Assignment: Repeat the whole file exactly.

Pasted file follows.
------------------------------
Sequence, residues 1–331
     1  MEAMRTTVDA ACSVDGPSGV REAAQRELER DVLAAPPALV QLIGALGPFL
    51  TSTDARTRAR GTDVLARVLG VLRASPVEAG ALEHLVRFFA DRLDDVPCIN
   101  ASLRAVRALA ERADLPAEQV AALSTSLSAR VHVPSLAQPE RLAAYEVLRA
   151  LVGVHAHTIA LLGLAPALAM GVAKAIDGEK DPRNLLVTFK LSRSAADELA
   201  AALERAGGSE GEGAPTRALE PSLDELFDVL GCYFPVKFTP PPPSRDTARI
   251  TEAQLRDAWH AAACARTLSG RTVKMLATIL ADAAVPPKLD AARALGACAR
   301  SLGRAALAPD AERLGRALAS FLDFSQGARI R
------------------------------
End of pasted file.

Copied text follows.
Sequence, residues 1–331
     1  MEAMRTTVDA ACSVDGPSGV REAAQRELER DVLAAPPALV QLIGALGPFL
    51  TSTDARTRAR GTDVLARVLG VLRASPVEAG ALEHLVRFFA DRLDDVPCIN
   101  ASLRAVRALA ERADLPAEQV AALSTSLSAR VHVPSLAQPE RLAAYEVLRA
   151  LVGVHAHTIA LLGLAPALAM GVAKAIDGEK DPRNLLVTFK LSRSAADELA
   201  AALERAGGSE GEGAPTRALE PSLDELFDVL GCYFPVKFTP PPPSRDTARI
   251  TEAQLRDAWH AAACARTLSG RTVKMLATIL ADAAVPPKLD AARALGACAR
   301  SLGRAALAPD AERLGRALAS FLDFSQGARI R